Rapid switching of mood in families with familial bipolar disorder

Authors


  • The authors of this paper do not have any commercial associations that might pose a conflict of interest in connection with this manuscript.

Evaristus A. Nwulia, MD, Department of Psychiatry, Howard University Hospital, 2041 Georgia Ave, NW, 5th Floor, Washington, DC 20060, USA. Fax: +1 202 865 3068; e-mail: enwulia@howard.edu

Abstract

Objective:  Rapid switching of moods in bipolar disorder has been associated with early age at onset, panic comorbidity, and suicidality. This study aims to confirm these associations and investigate other potential correlates of rapid switching of mood using families from a multisite bipolar linkage study.

Methods:  The subjects were comprised of 1,143 probands and relatives with diagnosis of bipolar disorder. All subjects were interviewed directly with a standard diagnostic instrument, and all subjects who met criteria for bipolar disorder were asked if their moods had ever switched rapidly.

Results:  Individuals with rapid mood switching had significantly earlier age at onset (18 versus 21 years, p < 0.00001), higher comorbid anxiety (47% versus 26%, p < 0.00001) and substance use disorders (52% versus 42%, p = 0.0006), higher rate of violent behavior (6% versus 3%, p < 0.004), suicidal behavior (46% versus 31%, p < 0.00001), and nonsuicidal self-harm (13% versus 6%, p < 0.0002). Multiple logistic regression analysis found significant net effects on rapid mood switching for early emergence of symptoms [odds ratio (OR) = 0.62; 95% confidence interval (CI): 0.45–0.85]; anxiety comorbidity (OR = 2.31; 95% CI: 1.34–3.98); and hypersensitivity to antidepressants (OR = 2.05; 95% CI: 1.49–2.83) as the strongest predictors.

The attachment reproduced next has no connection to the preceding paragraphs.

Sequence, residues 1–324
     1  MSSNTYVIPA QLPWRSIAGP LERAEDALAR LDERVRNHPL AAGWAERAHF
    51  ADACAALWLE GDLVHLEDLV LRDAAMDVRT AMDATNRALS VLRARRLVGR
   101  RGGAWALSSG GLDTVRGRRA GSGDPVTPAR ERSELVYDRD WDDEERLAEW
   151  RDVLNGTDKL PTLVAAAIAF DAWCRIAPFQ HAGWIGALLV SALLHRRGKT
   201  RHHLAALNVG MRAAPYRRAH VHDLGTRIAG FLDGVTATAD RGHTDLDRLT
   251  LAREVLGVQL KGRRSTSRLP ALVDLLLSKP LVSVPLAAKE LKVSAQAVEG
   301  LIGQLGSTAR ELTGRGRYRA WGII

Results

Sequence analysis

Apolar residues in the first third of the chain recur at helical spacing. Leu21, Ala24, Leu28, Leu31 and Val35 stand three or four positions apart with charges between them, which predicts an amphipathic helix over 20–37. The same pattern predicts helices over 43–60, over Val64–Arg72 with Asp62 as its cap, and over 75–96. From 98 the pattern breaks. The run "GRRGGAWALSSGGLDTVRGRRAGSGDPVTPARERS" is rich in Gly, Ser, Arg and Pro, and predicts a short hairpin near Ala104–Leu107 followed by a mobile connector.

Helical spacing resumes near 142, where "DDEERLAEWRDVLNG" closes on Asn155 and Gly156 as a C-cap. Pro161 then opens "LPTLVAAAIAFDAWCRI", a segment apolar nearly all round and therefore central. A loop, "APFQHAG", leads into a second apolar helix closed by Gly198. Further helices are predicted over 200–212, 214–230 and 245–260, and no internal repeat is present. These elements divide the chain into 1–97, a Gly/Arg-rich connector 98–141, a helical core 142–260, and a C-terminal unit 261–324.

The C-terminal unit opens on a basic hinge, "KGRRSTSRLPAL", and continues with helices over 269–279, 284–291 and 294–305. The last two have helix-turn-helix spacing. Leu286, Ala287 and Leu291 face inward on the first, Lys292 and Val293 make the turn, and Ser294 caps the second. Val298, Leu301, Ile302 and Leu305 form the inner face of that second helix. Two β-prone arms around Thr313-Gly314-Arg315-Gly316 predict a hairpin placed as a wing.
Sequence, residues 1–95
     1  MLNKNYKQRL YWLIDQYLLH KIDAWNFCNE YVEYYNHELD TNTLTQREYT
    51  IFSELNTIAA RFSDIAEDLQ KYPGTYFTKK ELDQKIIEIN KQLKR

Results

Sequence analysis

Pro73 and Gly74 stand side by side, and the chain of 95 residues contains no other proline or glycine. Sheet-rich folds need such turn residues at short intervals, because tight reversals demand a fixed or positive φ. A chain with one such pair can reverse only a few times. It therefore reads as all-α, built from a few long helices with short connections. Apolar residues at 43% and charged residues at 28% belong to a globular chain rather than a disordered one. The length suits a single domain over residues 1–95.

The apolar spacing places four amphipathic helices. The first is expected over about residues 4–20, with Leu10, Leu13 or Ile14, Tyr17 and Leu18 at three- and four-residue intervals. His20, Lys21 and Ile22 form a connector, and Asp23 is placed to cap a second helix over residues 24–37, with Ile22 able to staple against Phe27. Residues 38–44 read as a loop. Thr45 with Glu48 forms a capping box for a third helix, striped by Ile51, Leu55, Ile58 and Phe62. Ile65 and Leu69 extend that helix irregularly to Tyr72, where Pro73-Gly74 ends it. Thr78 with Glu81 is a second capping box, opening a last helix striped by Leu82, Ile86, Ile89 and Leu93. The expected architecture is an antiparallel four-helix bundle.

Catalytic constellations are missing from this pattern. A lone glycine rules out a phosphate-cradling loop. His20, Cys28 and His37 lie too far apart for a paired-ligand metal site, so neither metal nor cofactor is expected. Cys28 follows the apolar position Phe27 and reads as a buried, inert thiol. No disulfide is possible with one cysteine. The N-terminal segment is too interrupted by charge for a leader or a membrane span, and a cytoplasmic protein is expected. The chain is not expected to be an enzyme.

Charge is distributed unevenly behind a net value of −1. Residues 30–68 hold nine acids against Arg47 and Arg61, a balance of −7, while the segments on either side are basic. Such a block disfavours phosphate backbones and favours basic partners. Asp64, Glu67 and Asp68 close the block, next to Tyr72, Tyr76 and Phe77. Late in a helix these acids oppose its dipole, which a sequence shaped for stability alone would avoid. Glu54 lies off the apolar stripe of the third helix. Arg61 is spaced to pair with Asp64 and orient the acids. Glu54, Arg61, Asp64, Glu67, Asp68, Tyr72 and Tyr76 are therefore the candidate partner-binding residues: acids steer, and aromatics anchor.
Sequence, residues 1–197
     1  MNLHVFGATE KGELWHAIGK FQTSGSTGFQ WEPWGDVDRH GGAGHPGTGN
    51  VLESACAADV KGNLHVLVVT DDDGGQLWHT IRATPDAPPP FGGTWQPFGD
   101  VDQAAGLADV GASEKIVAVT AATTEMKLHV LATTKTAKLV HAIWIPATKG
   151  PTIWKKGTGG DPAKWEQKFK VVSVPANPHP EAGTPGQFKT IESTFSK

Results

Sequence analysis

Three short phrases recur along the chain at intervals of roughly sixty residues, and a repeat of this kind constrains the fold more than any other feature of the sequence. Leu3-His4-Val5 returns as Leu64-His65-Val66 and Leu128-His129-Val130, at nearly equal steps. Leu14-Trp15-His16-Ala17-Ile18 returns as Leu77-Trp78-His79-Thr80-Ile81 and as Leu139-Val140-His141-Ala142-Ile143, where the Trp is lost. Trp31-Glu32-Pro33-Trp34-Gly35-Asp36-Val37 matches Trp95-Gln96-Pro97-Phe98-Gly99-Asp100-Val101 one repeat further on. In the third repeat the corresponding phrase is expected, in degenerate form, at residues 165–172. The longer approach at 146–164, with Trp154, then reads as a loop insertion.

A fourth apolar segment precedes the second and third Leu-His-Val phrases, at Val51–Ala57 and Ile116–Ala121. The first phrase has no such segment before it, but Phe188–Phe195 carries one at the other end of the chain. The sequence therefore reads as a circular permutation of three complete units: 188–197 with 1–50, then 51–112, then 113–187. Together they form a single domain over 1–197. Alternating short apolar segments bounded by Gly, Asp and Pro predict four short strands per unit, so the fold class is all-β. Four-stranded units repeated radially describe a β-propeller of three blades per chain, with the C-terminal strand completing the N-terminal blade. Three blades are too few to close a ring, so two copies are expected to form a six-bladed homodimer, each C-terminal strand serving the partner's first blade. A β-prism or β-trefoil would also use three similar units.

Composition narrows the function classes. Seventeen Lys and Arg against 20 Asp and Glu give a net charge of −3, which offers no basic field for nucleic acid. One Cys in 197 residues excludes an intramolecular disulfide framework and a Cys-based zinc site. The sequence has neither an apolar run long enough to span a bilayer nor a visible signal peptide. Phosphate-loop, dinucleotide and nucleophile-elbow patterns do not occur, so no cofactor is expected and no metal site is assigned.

Conclusions:  This confirms earlier reports associating rapid switching with a more complex clinical course, in particular early emergence of bipolar symptomatology, antidepressant activation, and anxiety comorbidity. These results support a clinical differentiation of bipolar disorder into subtypes based on symptom stability.

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